“I purchased this flat iron after using it while visiting family. I traveled out of state and, thankfully, left my subpar flat iron at home. So, I asked to borrow one, and this is the one they owned. My hair is naturally curly, thick and long. So, it usually takes FOREVER to straighten all my hair. With this flat iron, I can straighten each section of my hair in ONE pass! The pearl ceramic plates also leave my hair shiny and smooth. It heats ups faster than any flat iron I’ve ever owned (literally in seconds). It doesn’t snag or grab pieces tiny strands of hair like some lower-end irons I’ve used. It is professional quality, no doubt. I immediately went online and purchased one after using it. Two of my friends also purchased this flat iron after using it only one time, it’s that good.”
True ghd product gets hot as soon as you turn it on. My fianc absolutely loves it. I will definitely continue to use amazon in the future.

The great thing about beauty is that there is something for everyone. Even as the trend these days is skewing towards plenty of texture and heatless styling, the tried-and-true flatiron still has its place. I mean, with social media going crazy over the super-sleek look of glass hair, it's clear that straight hair ain't going anywhere. After all, some of us just want smooth strands from time to time — or, depending on who you are, most of the time. But pressing your hair between two scorching-hot plates can be a recipe for a dried, sizzled, frizzy disaster. Or at least it can be if you're using the wrong flatiron. On the flip side, using a good one can make all the world of difference. And that's where we come in. We've scoured the world of flatirons to bring you the best of the best, at a range of price points. So whether you've got the coins for an affordable Conair or can shell out the big bucks for a Harry Josh, these 20 straighteners will give you that just-back-from-the-salon look — minus the scorch.


hello everyone I'm from spain and this product is so much more expensive here than in the usa so I was afraid of the fake items sold throught the internet. Even so I decided to buy this one and a remington curl wand throught amazon.com too and I have to say that I'm really happy with it because this brand is amazing. You get perfect hairstyles with very proffessional finishing touchs. I recommend this item to everybody who has a very messy and untameable hair like me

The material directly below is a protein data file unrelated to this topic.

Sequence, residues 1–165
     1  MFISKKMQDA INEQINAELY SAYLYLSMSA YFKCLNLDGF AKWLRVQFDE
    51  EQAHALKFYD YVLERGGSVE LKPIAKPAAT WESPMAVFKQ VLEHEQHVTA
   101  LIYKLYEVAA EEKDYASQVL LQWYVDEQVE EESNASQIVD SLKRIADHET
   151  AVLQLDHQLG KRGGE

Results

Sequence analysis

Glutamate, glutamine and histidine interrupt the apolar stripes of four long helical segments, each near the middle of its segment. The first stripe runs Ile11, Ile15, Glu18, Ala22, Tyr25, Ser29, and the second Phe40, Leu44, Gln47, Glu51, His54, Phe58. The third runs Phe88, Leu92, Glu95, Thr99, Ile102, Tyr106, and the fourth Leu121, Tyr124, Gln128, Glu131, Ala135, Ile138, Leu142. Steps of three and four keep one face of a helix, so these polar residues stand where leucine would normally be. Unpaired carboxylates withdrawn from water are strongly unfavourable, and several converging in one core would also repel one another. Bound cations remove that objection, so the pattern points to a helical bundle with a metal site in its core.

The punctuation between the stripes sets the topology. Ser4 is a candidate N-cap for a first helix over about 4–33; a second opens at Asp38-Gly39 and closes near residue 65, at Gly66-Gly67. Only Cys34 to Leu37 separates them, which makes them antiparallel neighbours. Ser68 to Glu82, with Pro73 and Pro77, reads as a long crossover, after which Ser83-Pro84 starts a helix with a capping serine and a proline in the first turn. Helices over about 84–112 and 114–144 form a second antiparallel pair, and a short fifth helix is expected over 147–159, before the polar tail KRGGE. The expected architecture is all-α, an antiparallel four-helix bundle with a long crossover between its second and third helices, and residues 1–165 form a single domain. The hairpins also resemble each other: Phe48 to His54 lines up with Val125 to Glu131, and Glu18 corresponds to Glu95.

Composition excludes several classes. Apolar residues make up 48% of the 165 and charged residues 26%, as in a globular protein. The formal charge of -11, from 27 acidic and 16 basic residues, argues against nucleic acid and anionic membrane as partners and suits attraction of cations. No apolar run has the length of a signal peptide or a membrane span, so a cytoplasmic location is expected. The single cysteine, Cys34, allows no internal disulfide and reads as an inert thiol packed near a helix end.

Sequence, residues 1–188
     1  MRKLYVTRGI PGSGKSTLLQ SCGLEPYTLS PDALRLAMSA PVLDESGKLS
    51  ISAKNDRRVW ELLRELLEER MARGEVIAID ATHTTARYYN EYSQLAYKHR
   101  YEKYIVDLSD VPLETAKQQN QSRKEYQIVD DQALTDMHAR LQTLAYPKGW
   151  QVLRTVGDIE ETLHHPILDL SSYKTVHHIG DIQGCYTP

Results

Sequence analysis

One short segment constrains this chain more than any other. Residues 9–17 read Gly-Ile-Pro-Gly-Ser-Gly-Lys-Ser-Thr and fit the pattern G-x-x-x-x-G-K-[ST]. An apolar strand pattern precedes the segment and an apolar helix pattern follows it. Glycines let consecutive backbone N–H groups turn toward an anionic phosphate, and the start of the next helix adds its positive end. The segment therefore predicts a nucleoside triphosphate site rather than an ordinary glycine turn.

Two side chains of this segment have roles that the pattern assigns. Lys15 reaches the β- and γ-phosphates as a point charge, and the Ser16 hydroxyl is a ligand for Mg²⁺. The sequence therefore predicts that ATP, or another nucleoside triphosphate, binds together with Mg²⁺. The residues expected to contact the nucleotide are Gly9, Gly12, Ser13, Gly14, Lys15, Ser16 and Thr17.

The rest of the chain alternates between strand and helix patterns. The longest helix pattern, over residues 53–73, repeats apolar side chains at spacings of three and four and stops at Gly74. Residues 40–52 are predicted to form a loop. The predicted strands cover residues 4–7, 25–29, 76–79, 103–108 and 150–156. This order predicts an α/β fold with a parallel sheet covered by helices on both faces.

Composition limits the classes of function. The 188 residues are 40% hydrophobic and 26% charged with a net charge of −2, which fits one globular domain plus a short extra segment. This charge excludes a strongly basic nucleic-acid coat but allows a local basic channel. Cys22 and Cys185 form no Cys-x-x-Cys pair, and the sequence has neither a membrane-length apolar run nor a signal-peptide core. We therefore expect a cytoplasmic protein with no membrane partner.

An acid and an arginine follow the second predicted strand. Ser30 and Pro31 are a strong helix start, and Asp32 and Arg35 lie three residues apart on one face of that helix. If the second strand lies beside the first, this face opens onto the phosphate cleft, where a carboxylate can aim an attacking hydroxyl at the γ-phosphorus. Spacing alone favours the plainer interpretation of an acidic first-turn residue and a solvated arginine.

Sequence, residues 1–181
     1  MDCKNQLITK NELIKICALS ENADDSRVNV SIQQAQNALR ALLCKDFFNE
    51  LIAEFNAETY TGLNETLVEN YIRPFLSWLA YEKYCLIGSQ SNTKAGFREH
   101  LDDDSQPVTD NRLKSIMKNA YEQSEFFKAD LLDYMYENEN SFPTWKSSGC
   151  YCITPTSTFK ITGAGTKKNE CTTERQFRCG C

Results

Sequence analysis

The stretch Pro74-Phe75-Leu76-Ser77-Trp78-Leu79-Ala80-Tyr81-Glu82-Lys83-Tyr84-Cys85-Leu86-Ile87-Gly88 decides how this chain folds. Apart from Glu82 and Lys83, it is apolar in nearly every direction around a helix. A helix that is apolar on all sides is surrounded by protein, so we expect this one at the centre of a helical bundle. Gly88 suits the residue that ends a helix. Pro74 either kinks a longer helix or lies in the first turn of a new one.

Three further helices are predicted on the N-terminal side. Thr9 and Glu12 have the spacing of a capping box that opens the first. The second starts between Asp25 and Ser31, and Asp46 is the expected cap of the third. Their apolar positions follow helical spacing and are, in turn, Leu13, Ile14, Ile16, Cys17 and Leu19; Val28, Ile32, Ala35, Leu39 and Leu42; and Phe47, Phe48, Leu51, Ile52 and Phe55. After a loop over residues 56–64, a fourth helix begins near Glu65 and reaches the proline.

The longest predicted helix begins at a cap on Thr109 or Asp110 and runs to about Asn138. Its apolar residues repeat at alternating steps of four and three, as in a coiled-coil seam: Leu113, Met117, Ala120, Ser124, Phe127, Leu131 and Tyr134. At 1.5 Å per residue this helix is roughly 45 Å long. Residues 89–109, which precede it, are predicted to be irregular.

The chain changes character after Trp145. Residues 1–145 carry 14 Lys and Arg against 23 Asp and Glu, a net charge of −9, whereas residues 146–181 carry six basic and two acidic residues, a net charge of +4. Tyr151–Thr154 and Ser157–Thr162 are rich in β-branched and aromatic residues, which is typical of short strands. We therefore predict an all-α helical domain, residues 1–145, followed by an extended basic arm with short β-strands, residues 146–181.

I have an older chi styler that is wider so I thought I'd give this ghd 1 a try. It heats really quickly and beeps to let you know it's ready. It also has a flashing led light. Even though I have beyond shoulder length hair it is very fine in texture. This narrower styler worked better for me. I can curl the ends under or flip it easier than with the wider styler. It glides through my hair without any tugs or pulls. It has a sleep mode in case you forget to turn it off. After 30 minutes it starts to cool down. The only negative is that it's hard to set it on the counter like it shows in the picture because the black part is so rounded that it wants to fall over. My chi is slightly flattened I guess it doesn't hurt for it to lay on its side since there is a small gap between the plate and the edge of the styler so the plate doesn't make contact with the counter but I wouldn't go off and leave it. It has a swivel cord which is a must for this type of styler.i don't use a styler often because my hair is fragile but when I do I will probably reach for this one. It leaves my hair smooth and shiny. It comes very nicely boxed so it would make a nice gift.addition I didn't realize when I wrote this review that there was a controversy over fake ghd stylers but I just registered mine and it is the real thing.